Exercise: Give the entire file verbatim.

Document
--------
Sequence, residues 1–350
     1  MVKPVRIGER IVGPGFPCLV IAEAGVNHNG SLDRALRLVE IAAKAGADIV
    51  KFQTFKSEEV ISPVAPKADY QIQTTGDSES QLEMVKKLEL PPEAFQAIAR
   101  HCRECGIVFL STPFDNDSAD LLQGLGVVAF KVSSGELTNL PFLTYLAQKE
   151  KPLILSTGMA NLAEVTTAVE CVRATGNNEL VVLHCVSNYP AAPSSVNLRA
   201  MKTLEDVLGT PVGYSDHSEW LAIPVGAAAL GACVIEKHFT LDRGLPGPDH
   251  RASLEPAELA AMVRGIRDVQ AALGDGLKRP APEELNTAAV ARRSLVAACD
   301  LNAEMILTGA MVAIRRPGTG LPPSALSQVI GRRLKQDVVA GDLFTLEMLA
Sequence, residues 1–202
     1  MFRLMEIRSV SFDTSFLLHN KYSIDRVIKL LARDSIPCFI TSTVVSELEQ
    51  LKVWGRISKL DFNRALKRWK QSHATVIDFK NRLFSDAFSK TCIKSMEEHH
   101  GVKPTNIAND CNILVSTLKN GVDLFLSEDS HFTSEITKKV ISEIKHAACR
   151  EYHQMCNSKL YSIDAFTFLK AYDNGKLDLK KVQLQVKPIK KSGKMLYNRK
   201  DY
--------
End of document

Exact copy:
Sequence, residues 1–350
     1  MVKPVRIGER IVGPGFPCLV IAEAGVNHNG SLDRALRLVE IAAKAGADIV
    51  KFQTFKSEEV ISPVAPKADY QIQTTGDSES QLEMVKKLEL PPEAFQAIAR
   101  HCRECGIVFL STPFDNDSAD LLQGLGVVAF KVSSGELTNL PFLTYLAQKE
   151  KPLILSTGMA NLAEVTTAVE CVRATGNNEL VVLHCVSNYP AAPSSVNLRA
   201  MKTLEDVLGT PVGYSDHSEW LAIPVGAAAL GACVIEKHFT LDRGLPGPDH
   251  RASLEPAELA AMVRGIRDVQ AALGDGLKRP APEELNTAAV ARRSLVAACD
   301  LNAEMILTGA MVAIRRPGTG LPPSALSQVI GRRLKQDVVA GDLFTLEMLA
Sequence, residues 1–202
     1  MFRLMEIRSV SFDTSFLLHN KYSIDRVIKL LARDSIPCFI TSTVVSELEQ
    51  LKVWGRISKL DFNRALKRWK QSHATVIDFK NRLFSDAFSK TCIKSMEEHH
   101  GVKPTNIAND CNILVSTLKN GVDLFLSEDS HFTSEITKKV ISEIKHAACR
   151  EYHQMCNSKL YSIDAFTFLK AYDNGKLDLK KVQLQVKPIK KSGKMLYNRK
   201  DY